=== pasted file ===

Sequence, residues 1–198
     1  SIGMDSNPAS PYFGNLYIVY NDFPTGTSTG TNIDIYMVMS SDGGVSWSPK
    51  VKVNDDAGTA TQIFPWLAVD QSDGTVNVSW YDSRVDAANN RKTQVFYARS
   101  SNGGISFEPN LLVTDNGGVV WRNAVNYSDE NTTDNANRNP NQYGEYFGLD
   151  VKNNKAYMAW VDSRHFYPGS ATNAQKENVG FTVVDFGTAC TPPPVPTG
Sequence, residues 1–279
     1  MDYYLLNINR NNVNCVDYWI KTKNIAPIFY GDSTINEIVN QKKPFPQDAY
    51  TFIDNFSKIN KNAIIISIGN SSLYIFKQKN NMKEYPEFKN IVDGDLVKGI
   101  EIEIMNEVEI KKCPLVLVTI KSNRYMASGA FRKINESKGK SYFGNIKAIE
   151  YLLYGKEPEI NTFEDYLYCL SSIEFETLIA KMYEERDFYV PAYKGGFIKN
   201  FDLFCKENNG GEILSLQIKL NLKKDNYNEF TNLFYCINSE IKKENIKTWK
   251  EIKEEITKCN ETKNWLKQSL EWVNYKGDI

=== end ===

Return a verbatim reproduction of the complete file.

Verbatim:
Sequence, residues 1–198
     1  SIGMDSNPAS PYFGNLYIVY NDFPTGTSTG TNIDIYMVMS SDGGVSWSPK
    51  VKVNDDAGTA TQIFPWLAVD QSDGTVNVSW YDSRVDAANN RKTQVFYARS
   101  SNGGISFEPN LLVTDNGGVV WRNAVNYSDE NTTDNANRNP NQYGEYFGLD
   151  VKNNKAYMAW VDSRHFYPGS ATNAQKENVG FTVVDFGTAC TPPPVPTG
Sequence, residues 1–279
     1  MDYYLLNINR NNVNCVDYWI KTKNIAPIFY GDSTINEIVN QKKPFPQDAY
    51  TFIDNFSKIN KNAIIISIGN SSLYIFKQKN NMKEYPEFKN IVDGDLVKGI
   101  EIEIMNEVEI KKCPLVLVTI KSNRYMASGA FRKINESKGK SYFGNIKAIE
   151  YLLYGKEPEI NTFEDYLYCL SSIEFETLIA KMYEERDFYV PAYKGGFIKN
   201  FDLFCKENNG GEILSLQIKL NLKKDNYNEF TNLFYCINSE IKKENIKTWK
   251  EIKEEITKCN ETKNWLKQSL EWVNYKGDI